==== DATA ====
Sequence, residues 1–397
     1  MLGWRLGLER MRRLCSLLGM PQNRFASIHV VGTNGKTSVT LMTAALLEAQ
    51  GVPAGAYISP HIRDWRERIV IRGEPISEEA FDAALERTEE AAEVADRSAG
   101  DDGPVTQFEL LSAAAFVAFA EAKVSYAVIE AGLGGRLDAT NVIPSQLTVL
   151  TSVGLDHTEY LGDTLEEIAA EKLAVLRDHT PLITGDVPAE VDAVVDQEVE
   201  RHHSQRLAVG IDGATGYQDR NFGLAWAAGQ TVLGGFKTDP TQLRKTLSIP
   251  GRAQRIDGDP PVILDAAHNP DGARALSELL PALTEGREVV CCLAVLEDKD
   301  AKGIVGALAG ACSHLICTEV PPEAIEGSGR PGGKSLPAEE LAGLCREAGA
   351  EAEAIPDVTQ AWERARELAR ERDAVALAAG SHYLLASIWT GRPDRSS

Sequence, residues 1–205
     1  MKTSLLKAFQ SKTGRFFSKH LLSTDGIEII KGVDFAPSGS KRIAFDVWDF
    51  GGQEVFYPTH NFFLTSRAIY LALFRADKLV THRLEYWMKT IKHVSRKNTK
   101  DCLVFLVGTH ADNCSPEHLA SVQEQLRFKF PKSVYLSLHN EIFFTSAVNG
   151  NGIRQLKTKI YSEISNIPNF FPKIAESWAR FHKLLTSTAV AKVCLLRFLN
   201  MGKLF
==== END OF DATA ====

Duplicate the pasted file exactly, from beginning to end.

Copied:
Sequence, residues 1–397
     1  MLGWRLGLER MRRLCSLLGM PQNRFASIHV VGTNGKTSVT LMTAALLEAQ
    51  GVPAGAYISP HIRDWRERIV IRGEPISEEA FDAALERTEE AAEVADRSAG
   101  DDGPVTQFEL LSAAAFVAFA EAKVSYAVIE AGLGGRLDAT NVIPSQLTVL
   151  TSVGLDHTEY LGDTLEEIAA EKLAVLRDHT PLITGDVPAE VDAVVDQEVE
   201  RHHSQRLAVG IDGATGYQDR NFGLAWAAGQ TVLGGFKTDP TQLRKTLSIP
   251  GRAQRIDGDP PVILDAAHNP DGARALSELL PALTEGREVV CCLAVLEDKD
   301  AKGIVGALAG ACSHLICTEV PPEAIEGSGR PGGKSLPAEE LAGLCREAGA
   351  EAEAIPDVTQ AWERARELAR ERDAVALAAG SHYLLASIWT GRPDRSS

Sequence, residues 1–205
     1  MKTSLLKAFQ SKTGRFFSKH LLSTDGIEII KGVDFAPSGS KRIAFDVWDF
    51  GGQEVFYPTH NFFLTSRAIY LALFRADKLV THRLEYWMKT IKHVSRKNTK
   101  DCLVFLVGTH ADNCSPEHLA SVQEQLRFKF PKSVYLSLHN EIFFTSAVNG
   151  NGIRQLKTKI YSEISNIPNF FPKIAESWAR FHKLLTSTAV AKVCLLRFLN
   201  MGKLF